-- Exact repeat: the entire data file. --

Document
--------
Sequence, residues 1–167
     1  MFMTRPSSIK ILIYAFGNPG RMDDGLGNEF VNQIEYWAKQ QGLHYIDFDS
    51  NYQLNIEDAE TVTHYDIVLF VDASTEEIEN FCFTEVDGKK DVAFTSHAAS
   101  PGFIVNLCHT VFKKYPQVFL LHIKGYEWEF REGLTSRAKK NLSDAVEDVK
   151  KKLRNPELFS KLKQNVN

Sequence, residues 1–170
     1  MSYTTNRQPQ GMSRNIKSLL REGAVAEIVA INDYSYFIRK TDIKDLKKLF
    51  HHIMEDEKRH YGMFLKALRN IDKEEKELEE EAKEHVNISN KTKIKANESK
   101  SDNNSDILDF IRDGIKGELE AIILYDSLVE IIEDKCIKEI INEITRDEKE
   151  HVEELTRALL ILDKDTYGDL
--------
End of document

Sequence, residues 1–167
     1  MFMTRPSSIK ILIYAFGNPG RMDDGLGNEF VNQIEYWAKQ QGLHYIDFDS
    51  NYQLNIEDAE TVTHYDIVLF VDASTEEIEN FCFTEVDGKK DVAFTSHAAS
   101  PGFIVNLCHT VFKKYPQVFL LHIKGYEWEF REGLTSRAKK NLSDAVEDVK
   151  KKLRNPELFS KLKQNVN

Sequence, residues 1–170
     1  MSYTTNRQPQ GMSRNIKSLL REGAVAEIVA INDYSYFIRK TDIKDLKKLF
    51  HHIMEDEKRH YGMFLKALRN IDKEEKELEE EAKEHVNISN KTKIKANESK
   101  SDNNSDILDF IRDGIKGELE AIILYDSLVE IIEDKCIKEI INEITRDEKE
   151  HVEELTRALL ILDKDTYGDL